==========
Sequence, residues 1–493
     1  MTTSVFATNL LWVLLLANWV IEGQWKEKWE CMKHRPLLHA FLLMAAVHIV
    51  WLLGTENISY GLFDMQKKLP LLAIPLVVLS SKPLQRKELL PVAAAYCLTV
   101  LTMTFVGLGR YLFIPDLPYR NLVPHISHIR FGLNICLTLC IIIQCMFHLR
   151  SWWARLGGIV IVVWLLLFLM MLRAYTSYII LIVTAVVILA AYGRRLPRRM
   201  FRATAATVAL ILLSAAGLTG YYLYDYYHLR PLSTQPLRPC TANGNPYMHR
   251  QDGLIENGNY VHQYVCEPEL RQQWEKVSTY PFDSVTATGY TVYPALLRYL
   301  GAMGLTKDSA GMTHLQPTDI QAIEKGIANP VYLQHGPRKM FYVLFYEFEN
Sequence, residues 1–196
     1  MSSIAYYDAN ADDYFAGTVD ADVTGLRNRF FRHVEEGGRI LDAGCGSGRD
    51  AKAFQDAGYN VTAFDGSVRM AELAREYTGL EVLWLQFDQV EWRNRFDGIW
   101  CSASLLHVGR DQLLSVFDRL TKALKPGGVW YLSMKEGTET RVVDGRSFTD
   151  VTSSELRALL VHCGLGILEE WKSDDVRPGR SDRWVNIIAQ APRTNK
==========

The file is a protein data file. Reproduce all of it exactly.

Sequence, residues 1–493
     1  MTTSVFATNL LWVLLLANWV IEGQWKEKWE CMKHRPLLHA FLLMAAVHIV
    51  WLLGTENISY GLFDMQKKLP LLAIPLVVLS SKPLQRKELL PVAAAYCLTV
   101  LTMTFVGLGR YLFIPDLPYR NLVPHISHIR FGLNICLTLC IIIQCMFHLR
   151  SWWARLGGIV IVVWLLLFLM MLRAYTSYII LIVTAVVILA AYGRRLPRRM
   201  FRATAATVAL ILLSAAGLTG YYLYDYYHLR PLSTQPLRPC TANGNPYMHR
   251  QDGLIENGNY VHQYVCEPEL RQQWEKVSTY PFDSVTATGY TVYPALLRYL
   301  GAMGLTKDSA GMTHLQPTDI QAIEKGIANP VYLQHGPRKM FYVLFYEFEN
Sequence, residues 1–196
     1  MSSIAYYDAN ADDYFAGTVD ADVTGLRNRF FRHVEEGGRI LDAGCGSGRD
    51  AKAFQDAGYN VTAFDGSVRM AELAREYTGL EVLWLQFDQV EWRNRFDGIW
   101  CSASLLHVGR DQLLSVFDRL TKALKPGGVW YLSMKEGTET RVVDGRSFTD
   151  VTSSELRALL VHCGLGILEE WKSDDVRPGR SDRWVNIIAQ APRTNK